"I think Rambo will have a big season," Jack Wilshere said when I interviewed him over the summer. "He has his confidence back and the three of us [Cazorla, Ramsey and Wilshere] are more comfortable with our different roles."
Ah, but now there's a fourth player whom they need to click with, and judging by Saturday's commanding performance, it doesn't appear that the addition of Ozil will cause Ramsey to lose his place in the heart of midfield. With only one legitimate striker in Giroud, Arsenal needs someone to score goals from midfield. For all their flair and technique, Cazorla or Ozil are unlikely to provide them. As heretical a thought as it may be, I now see Wilshere, the Great English Hope who like Ramsey is coming back from his own lengthy injury nightmare, as having less job security than the Welshman. As much of a threat as Wilshere's dribbling and passing provide, he is so tightly marked that he rarely gets free in the box like Ramsey does, as evidenced by Rambo's two superbly taken goals on Saturday.
Sunderland had enjoyed a whopping 27 percent possession in the first half but found itself trailing only 1-0 at intermission. Then three minutes after the restart, a clumsy challenge in the area from Laurent Koscielny (the second penalty he's given away in four league games) resulted in the Black Cats drawing even. With Ozil fading and Arsenal unable to convert its dominance into goals, I knew that this story would end with two lost points. But this was not the right day to lose faith, and with 20 minutes remaining, Ramsey went to work.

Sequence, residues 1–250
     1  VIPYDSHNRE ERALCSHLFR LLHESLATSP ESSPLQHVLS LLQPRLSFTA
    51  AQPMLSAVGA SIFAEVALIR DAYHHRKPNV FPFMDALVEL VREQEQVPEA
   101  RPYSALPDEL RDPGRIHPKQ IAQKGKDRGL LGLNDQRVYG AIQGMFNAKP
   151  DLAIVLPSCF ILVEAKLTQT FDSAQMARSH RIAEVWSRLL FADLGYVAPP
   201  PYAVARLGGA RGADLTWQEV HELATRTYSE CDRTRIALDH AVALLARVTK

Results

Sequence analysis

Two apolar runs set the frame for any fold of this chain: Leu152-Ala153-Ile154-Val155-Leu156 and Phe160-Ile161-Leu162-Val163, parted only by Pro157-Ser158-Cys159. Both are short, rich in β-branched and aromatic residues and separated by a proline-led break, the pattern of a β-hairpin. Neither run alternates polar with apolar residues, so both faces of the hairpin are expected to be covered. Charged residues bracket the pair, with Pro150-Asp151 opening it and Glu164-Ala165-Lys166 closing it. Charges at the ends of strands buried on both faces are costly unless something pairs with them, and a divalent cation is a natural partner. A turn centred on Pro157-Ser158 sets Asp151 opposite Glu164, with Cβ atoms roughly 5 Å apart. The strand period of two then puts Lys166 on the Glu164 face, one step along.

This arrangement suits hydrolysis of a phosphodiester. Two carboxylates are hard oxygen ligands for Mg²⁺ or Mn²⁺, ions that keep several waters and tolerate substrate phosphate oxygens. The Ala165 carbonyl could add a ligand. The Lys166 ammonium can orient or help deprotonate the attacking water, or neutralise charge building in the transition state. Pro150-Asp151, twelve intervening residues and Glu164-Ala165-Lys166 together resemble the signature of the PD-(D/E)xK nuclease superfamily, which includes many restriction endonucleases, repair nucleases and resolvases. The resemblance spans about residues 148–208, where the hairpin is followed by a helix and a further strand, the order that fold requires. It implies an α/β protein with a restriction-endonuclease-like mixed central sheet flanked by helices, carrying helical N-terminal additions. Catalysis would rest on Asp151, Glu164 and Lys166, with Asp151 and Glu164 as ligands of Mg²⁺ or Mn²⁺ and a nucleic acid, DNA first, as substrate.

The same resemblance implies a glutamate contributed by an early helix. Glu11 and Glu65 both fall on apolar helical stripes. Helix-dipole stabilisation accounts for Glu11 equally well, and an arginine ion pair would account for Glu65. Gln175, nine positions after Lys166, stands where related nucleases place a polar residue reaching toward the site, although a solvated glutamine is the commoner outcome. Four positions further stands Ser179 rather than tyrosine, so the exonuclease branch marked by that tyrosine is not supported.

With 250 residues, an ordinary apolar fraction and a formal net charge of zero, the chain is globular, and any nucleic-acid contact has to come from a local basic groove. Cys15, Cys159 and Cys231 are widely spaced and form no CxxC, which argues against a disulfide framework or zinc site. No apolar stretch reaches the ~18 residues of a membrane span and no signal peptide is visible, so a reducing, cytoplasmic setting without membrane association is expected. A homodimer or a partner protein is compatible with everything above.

First, he restored the lead by volleying in Carl Jenkinson's seeing-eye cross. After Jozy Altidore's equalizer was disallowed by referee Martin Atkinson's controversial decision not to give the home side a clear-cut case of the advantage rule, Ramsey put Sunderland into greater misery when he slid home a clever pass from the excellent Giroud to make it 3-1 and ensure that Ozil's coming-out party would not be spoiled.
Normally, in these circumstances, I would have ordered a pint or three to celebrate Saturday's hard-earned victory. But given that it was Yom Kippur, I was not allowed to drink or eat anything until after sundown. And frankly, I am not quite done atoning yet. Don't even get me started on Jose Mourinho.